The future of our nation depends on whether we decide to be determined followers of dreams or cynical naysayers
What can I do alone? I am just one among 1.2 billion. Even if I change, what good will it do? What about the rest? Who will change everyone? First get everyone else to change then I too will change. These are some of the most negative thoughts I have heard all through my life. The story of Dashrath Manjhi is a fitting reply to all these statements. It tells us what one man can achieve. It tells us about the power of one. It tells us that man can indeed move mountains.
Gehlor, a small village in Bihar, was surrounded by rocky hills. The villagers had to travel more than 50 km to reach the nearest town, which was only five km away but the path blocked by a rocky hill. One of the villagers, Dashrath Manjhi, decided one day that he would cut a pass through the hill. He sold his goats, bought a hammer and a chisel, and started hammering away at the hill. Everyone laughed at him. They ridiculed him, dissuaded him, told him it was not possible. He refused to be swayed and kept at it. It took him 22 years to cut a road through the hill but he did it.
For a moment let us imagine what he must have gone through on day-one of his attempt. One man with a hammer and a chisel against a mountain! How many cubic inches of rock could he have broken on the first day? What did he feel while walking back home that evening? How far did he get at the end of week-one? What were his thoughts then? No doubt the task would have seemed even more impossible at the end of the first week. What did he feel when people made fun of him and discouraged him? What kept him going for 22 long years?
What you and I have to decide is, do we want to be like Dashrath Manjhi, or do we want to be like the villagers who tried to dissuade him? And there is a clear choice before us. What he was attempting to do was for everyone’s benefit. Still, instead of joining him, his fellow villagers made fun of him. So, should we be like those villagers or should we live our lives like Dashrath Manjhi, who, with single-minded determination, continued to do what he believed in? Each of us has to ask ourselves this question, and in our answers lie the reality of our future. In our answers lie the answer to the following questions as well: Do I want to contribute to nation building? Do I want to be a believer or do I want to be a critic? Do I want to follow my dreams relentlessly and without compromise, or do I want to be a cynical, discouraging naysayer?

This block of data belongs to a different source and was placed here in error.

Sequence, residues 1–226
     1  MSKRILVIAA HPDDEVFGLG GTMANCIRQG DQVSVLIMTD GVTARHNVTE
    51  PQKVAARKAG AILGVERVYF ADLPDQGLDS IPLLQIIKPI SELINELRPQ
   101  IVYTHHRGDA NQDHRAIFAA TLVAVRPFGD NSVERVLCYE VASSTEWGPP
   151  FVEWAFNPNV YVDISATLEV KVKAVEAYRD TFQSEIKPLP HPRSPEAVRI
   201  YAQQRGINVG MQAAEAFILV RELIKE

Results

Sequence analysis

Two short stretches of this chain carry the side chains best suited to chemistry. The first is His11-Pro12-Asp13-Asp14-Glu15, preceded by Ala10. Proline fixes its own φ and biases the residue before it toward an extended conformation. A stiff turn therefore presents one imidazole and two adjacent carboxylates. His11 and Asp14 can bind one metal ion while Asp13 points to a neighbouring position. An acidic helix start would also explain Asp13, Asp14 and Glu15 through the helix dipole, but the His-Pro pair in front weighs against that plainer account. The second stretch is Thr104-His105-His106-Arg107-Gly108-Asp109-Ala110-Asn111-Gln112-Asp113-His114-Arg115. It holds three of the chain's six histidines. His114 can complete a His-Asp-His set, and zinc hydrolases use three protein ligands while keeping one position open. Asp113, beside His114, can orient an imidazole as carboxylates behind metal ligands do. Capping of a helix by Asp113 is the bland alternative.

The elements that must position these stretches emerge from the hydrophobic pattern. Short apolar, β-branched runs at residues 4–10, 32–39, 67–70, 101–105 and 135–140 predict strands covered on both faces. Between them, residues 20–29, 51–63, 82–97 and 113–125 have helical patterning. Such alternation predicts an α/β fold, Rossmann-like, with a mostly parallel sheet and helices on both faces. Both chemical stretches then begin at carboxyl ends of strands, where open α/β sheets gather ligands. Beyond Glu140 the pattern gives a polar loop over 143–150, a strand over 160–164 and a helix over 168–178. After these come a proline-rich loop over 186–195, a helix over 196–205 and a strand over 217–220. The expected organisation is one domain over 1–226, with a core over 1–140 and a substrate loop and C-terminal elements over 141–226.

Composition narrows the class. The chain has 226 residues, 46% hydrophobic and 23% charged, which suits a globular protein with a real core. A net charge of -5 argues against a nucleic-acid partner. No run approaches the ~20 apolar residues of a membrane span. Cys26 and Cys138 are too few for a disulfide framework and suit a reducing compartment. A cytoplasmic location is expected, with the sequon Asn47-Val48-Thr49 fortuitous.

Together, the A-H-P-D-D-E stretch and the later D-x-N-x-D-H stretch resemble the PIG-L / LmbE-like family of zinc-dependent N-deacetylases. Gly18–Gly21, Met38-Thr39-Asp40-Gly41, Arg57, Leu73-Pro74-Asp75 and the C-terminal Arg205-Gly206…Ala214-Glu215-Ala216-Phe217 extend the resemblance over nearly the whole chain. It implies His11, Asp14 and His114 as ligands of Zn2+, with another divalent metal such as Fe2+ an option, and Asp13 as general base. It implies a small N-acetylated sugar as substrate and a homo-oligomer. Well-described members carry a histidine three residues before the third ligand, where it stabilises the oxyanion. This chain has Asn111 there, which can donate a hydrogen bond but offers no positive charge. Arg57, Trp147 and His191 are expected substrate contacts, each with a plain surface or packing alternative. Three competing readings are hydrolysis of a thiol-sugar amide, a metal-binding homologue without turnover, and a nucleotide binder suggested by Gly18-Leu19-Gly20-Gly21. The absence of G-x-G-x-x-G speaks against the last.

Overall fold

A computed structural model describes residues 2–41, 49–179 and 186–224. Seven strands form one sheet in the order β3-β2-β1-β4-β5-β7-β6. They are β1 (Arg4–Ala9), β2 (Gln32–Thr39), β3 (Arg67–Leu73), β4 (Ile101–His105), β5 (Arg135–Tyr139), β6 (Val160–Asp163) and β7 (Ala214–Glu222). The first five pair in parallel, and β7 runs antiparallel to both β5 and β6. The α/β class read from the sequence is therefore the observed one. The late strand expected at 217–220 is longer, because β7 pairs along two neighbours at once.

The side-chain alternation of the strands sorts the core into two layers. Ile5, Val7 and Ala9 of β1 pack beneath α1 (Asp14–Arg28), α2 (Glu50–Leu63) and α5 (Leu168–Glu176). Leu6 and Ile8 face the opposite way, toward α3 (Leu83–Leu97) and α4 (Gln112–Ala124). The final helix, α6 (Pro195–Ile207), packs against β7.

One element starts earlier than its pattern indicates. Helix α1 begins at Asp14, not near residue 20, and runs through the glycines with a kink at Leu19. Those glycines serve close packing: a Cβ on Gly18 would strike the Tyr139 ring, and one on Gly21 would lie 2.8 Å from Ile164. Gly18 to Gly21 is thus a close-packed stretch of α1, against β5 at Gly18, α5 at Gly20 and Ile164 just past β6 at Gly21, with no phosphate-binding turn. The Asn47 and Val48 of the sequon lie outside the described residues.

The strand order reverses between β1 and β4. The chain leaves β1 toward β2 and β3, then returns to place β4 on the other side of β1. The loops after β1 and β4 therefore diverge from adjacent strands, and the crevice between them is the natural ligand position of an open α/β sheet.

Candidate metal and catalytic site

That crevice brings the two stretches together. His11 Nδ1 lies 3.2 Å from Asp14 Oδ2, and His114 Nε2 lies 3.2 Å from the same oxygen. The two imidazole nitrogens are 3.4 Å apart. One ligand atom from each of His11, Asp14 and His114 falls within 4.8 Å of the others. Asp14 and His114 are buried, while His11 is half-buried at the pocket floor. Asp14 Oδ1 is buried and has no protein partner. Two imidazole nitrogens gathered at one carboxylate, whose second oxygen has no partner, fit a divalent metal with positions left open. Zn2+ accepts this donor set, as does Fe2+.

I believe in India. I believe in the people of India. I believe that each and every Indian loves his/her country. I believe that India is changing. I believe that India wants to change. I believe in the dream that our forefathers saw when they fought for Independence. A dream that they wrote down in the Preamble to our Constitution:
“WE, THE PEOPLE OF INDIA, having solemnly resolved to constitute India into a SOVEREIGN SOCIALIST SECULAR DEMOCRATIC REPUBLIC and to secure to all its citizens:
JUSTICE, social, economic and political;
LIBERTY, of thought, expression, belief, faith and worship;
EQUALITY of status and of opportunity;
and to promote among them all
FRATERNITY assuring the dignity of the individual and the unity and integrity of the Nation; …
There are many who say that this dream is dead, but I don’t agree. While it is true that it has not been achieved, it is equally true that it is not entirely dead. Even today there are thousands of Indians who live by this dream. Many have spent their lives upholding this dream. Most of them are perhaps not even aware that in living their lives in the way that they are, they are upholding the Constitution of India, the dream that our forefathers saw.
I think somewhere along the way too many of us have become a little too clever, a little too practical, a little too cynical, a little too materialistic, a little too selfish. Maybe we need to let go a little. Allow a little space in our hearts for hope, for idealism, for belief, for faith, for trust, for innocence and… for a little madness. If one Dashrath Manjhi can move a mountain, imagine what 120 crore Dashrath Manjhis can do.
My journey of Satyamev Jayate is coming to an end. But I would like to believe that this is not the end, but is, in fact, a beginning. And in this hope-filled moment of a beginning, I would like to bow my head in a prayer that was first expressed by Gurudev Rabindranath Tagore:
Where the mind is without fear and the head is held high;
Where knowledge is free;
Where the world has not been broken up into fragments by narrow domestic walls;
Where words come out from the depth of truth;
Where tireless striving stretches its arms towards perfection;
Where the clear stream of reason has not lost its way
Into the dreary desert sand of dead habit;
Where the mind is led forward by thee into ever-widening thought and action —
Into that heaven of freedom, my Father, let my country awake.
Jaihind. Satyamev Jayate.
(Aamir Khan is an actor. This is the last of his weekly columns for The Hindu.)